Century Dictionary and Cyclopedia
- n. A proof from type on a galley.
“It is possible for an author to make comparatively few and simple changes each time he receives a new revise, but yet have a much larger bill for author's changes than another who makes twice or thrice as many alterations at one time on the galley-proof, and only requires another proof in order that he may verify the correctness of the printer's work.”
“The galley-proof, with the corresponding copy, is then handed to the proof-reader, who is assisted by a "copy-holder" (an assistant who reads the copy aloud) in comparing it with the manuscript and marking typographical errors and departures from copy on its margin.”
“This is the proof known as a "galley-proof," and is, in book work, printed on”
“To his editorial galley-proof Hal added two lines.”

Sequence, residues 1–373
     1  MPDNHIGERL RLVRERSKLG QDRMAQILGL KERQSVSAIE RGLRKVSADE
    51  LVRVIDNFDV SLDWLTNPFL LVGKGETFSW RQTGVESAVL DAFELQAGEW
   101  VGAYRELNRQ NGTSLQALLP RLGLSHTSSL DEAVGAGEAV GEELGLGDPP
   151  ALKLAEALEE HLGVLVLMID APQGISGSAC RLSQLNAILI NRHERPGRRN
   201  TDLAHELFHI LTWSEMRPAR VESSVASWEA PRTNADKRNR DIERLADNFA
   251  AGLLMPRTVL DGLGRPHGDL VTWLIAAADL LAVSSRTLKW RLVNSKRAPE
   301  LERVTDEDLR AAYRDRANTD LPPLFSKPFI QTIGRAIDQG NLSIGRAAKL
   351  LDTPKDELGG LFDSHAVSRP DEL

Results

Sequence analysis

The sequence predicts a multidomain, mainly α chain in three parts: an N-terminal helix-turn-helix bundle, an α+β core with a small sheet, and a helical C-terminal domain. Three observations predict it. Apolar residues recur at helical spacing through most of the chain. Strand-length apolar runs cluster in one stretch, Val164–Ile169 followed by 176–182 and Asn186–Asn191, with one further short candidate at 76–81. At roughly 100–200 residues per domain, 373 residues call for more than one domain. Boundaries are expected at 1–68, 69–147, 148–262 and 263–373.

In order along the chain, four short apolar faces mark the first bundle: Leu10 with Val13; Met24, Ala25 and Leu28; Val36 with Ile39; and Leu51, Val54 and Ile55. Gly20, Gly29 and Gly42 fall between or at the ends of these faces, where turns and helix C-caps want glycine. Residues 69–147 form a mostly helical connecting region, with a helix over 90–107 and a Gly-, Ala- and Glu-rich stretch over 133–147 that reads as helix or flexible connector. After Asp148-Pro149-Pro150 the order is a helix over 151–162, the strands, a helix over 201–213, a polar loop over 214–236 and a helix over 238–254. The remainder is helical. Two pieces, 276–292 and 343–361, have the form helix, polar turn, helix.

“I wonder if you can realize what it means to have a face like yours looking up from every dirty strip of galley-proof, and a voice like yours sounding under the rumble of the big presses.”
“Chicago and Chautauqua took up nearly two weeks of my time and when I arrived in New York, huge bundles of galley-proof were awaiting me.”
“There exists a galley-proof of a Ballad by Borrow entitled _The Father's”
“Mr. Jones, proprietor of the _Banner_ Job Printing office, obligingly produced the "galley-proof" of the account of the People's Convention, prepared by his "city editor," Harry Squires, for the ensuing issue of the weekly.”
“Mr. Winthrop, who was as excited as Mallard himself, "looped," and the editor returned to the dining-room with a galley-proof slip in his hand.”
“Marion Reedy, editor of the St. Louis Mirror, had seen this famous tour de force circulated in the early 80's in galley-proof form; he first learned from Eugene Field that it was from the pen of Mark Twain.”
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